Nuclear power hasn’t always been a darling on the power scene, especially with disasters like Three Mile Island and Chernobyl still fresh in people’s minds. But nuclear power is making a comeback in the United States, Europe, and elsewhere as higher fuel prices and political fallout from oil imports have helped change consumer opinions.
Most recently, DTE Energy Co. designated a reactor design for a proposed nuclear plant next to its Fermi 2 site in Newport, Mich. If built, the 1,520-megawatt reactor would provide an alternative to coal-generated electricity, natural gas, and home heating oil. Already, Fermi 2, which began commercial operation in 1988, generates about 15 percent of the power generated by Detroit Edison energy plants.
While government approvals are still needed for a new plant — Detroit Edison selected a relatively new reactor design by GE Energy called ESBWR (Economic Simplified Boiling Water Reactor) — another four years are required to build it, meaning it wouldn’t become operational until 2015 or later.
DTE needed to select a design to be eligible for federal tax credits as provided under the Energy Policy Act of 2005. If a utility files a license application by year’s end and starts construction by 2014, it can tap the tax credits once electricity is generated from a nuclear plant.
Approval of the plant should move forward. Consider that demand for electricity is expected to rise, as General Motors Corp. and its rivals prepare to offer plug-in hybrid vehicles, consumers embrace more electronics like the iPhone and BlackBerry, and world population figures continue to rise. In turn, GE Energy claims that one of its ESBWR plants would reduce greenhouse-gas emissions by an amount equivalent to taking 1.5 million cars off the road (by replacing the same amount of electricity generated in the United States via traditional sources).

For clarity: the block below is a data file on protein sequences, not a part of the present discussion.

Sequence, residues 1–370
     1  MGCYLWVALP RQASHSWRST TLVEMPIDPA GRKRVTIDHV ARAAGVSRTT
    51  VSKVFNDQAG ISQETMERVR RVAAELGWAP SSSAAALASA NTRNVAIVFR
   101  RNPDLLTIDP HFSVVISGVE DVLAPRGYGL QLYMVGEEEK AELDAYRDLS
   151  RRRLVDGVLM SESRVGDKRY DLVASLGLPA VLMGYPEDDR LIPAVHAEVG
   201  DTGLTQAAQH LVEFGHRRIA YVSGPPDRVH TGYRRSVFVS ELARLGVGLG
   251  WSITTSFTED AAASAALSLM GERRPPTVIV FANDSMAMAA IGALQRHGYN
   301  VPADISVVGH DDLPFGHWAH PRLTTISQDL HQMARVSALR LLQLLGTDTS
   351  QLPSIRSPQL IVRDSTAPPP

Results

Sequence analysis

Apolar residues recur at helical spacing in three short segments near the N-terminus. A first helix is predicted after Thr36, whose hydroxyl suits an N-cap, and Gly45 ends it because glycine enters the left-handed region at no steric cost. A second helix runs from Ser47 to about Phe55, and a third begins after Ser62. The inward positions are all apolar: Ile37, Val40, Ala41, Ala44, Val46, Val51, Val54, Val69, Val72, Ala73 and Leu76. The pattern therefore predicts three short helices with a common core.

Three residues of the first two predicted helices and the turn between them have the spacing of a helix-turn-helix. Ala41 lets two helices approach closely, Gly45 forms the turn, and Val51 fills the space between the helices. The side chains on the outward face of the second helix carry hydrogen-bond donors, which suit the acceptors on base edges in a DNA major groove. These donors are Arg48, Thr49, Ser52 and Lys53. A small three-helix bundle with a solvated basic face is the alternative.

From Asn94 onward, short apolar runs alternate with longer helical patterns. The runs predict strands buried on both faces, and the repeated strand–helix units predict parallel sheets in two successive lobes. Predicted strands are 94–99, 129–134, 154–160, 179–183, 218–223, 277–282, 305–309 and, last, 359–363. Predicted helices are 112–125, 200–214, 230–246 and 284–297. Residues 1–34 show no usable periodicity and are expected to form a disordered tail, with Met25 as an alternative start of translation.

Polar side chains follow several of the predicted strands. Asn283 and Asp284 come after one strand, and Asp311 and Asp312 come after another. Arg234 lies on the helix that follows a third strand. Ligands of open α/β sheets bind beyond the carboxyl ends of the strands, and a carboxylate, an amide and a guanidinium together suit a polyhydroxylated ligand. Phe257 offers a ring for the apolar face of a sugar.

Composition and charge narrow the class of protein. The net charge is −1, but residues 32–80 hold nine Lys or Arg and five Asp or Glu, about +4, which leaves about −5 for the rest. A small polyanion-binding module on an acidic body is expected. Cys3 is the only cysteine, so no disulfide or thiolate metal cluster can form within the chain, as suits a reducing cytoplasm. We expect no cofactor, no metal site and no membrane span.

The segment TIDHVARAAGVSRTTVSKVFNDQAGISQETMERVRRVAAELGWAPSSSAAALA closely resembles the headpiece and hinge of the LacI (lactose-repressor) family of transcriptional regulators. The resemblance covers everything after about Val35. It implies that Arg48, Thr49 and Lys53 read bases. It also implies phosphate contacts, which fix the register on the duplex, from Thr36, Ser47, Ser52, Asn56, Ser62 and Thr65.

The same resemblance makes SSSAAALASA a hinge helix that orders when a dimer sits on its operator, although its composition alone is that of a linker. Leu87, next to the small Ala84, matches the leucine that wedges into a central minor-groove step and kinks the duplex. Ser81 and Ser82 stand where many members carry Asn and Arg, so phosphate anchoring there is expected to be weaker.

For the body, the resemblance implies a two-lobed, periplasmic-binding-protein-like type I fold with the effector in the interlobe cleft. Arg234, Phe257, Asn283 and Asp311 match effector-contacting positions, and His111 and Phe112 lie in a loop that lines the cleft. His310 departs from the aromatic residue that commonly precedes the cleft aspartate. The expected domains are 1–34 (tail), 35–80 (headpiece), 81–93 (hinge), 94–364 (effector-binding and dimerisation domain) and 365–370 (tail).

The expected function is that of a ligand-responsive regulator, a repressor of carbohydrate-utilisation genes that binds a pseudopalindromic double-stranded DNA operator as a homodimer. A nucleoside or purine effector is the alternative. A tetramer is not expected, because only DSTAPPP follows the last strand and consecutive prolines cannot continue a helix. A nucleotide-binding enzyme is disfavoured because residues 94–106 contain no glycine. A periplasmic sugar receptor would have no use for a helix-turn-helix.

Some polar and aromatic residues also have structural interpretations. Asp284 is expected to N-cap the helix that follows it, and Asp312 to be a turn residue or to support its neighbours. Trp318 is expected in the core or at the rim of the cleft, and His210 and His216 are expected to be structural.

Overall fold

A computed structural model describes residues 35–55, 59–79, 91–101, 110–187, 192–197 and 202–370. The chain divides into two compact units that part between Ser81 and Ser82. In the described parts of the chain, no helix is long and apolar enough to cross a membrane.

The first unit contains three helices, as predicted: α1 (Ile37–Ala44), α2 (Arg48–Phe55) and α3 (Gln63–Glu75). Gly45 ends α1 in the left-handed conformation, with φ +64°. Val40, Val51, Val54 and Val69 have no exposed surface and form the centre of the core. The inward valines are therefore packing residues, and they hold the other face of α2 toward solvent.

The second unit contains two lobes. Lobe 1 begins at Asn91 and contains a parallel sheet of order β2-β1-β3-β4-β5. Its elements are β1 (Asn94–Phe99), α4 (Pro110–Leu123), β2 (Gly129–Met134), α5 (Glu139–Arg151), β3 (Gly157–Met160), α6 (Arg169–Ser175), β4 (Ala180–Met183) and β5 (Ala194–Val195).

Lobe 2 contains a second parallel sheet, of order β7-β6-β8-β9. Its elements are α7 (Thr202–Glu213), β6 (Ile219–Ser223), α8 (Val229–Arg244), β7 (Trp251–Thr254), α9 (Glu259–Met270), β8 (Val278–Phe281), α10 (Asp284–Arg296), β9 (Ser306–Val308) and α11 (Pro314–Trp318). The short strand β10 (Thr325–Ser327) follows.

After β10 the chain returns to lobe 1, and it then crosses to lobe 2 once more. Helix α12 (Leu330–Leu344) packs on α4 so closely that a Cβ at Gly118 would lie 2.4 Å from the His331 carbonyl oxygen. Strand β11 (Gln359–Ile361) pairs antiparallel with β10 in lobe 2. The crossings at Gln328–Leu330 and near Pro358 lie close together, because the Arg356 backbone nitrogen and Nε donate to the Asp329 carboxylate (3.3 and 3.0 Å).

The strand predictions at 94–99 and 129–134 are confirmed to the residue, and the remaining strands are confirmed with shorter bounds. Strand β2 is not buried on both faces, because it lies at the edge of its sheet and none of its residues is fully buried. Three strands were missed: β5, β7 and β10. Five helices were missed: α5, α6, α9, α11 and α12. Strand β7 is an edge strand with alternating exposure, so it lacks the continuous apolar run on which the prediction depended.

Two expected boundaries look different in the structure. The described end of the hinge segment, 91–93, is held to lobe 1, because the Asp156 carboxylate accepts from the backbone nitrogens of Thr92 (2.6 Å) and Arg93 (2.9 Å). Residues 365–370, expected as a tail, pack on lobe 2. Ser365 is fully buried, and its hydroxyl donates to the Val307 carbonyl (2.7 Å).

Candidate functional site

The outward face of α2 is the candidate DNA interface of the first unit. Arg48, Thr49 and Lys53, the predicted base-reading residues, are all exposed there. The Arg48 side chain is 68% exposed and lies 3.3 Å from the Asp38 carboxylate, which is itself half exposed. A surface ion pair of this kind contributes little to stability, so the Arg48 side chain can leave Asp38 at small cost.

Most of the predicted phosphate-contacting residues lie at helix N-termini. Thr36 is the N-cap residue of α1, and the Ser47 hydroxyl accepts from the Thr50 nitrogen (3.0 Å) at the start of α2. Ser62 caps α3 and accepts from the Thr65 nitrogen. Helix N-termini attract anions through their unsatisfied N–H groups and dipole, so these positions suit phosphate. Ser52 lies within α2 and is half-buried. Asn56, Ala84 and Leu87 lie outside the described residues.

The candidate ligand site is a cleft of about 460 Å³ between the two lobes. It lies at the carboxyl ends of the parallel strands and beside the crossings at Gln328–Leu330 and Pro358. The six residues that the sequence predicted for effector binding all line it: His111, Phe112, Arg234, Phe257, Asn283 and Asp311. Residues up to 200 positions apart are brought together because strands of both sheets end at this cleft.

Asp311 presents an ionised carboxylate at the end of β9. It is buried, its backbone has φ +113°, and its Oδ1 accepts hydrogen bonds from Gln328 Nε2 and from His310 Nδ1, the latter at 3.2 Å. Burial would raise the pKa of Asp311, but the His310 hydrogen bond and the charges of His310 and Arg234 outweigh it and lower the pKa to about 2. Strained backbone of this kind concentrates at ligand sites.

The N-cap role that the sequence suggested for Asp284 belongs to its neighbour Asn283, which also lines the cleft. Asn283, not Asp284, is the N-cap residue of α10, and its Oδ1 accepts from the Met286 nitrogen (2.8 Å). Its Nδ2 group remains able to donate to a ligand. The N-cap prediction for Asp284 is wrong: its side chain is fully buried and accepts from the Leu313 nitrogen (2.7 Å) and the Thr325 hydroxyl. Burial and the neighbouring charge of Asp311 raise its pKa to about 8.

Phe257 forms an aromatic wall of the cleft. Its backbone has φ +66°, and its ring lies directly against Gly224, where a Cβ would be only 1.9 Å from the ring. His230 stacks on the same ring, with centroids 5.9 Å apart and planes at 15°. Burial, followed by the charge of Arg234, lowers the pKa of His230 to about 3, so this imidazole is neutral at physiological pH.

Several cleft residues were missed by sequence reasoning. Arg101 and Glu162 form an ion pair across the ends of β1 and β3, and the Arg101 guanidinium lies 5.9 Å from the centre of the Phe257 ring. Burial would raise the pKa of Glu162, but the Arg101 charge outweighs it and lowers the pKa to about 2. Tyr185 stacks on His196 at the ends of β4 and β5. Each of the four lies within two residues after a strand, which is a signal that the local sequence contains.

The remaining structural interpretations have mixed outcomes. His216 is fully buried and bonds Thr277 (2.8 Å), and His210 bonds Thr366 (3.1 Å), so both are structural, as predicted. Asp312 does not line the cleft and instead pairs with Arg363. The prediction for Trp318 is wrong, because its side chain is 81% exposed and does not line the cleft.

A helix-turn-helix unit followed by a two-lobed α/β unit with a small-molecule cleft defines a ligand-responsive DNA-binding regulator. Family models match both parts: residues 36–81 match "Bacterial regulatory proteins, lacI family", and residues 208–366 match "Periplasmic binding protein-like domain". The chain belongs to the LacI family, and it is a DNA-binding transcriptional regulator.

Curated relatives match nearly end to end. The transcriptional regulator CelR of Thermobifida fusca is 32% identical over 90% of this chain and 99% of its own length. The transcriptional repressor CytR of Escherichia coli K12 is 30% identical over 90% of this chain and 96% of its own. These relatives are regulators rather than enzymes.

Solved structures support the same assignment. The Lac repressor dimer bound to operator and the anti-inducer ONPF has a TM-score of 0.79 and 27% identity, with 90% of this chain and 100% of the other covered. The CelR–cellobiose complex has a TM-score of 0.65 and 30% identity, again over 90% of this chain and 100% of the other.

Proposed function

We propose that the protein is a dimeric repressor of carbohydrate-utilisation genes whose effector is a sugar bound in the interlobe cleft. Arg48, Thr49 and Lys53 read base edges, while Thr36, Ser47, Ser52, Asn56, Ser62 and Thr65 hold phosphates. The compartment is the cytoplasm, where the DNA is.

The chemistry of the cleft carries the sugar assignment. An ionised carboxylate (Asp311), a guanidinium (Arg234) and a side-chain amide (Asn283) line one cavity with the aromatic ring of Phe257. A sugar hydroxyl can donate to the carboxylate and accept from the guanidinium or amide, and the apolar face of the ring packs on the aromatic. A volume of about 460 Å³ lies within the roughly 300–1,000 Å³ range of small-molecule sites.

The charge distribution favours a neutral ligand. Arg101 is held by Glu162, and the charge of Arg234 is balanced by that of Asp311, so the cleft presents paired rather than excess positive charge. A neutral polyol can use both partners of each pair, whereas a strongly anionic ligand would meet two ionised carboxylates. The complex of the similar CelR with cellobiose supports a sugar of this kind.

Other regions are re-examining nuclear power, as well. In Germany, whose citizens have largely been suspicious of nuclear energy, a recent opinion poll revealed a majority of respondents wanted to reverse an earlier decision to phase out 17 reactors, according to a recent article in the Financial Times. In France, meanwhile, 80 percent of its energy is produced from nuclear power.
On the campaign trail, Sen. John McCain has proposed the construction of up to 45 nuclear plants to reduce the nation’s dependence on foreign oil and curb greenhouse emissions. Adding to the proposal, McCain points out that new reactors are safer and more efficient than those built a decade ago or more.
Another nuclear plant in Michigan would create jobs on both the construction side and the operational side. Currently, Fermi 2 has around 900 workers, and many of them hold high-paying engineering jobs. A case could also be made that DTE could sell any excess electricity from a new nuclear plant on the open market, providing yet another revenue generator.
What’s more, a new nuclear plant would spare state leaders from setting a mandate for renewable resources that would undermine free-market principles.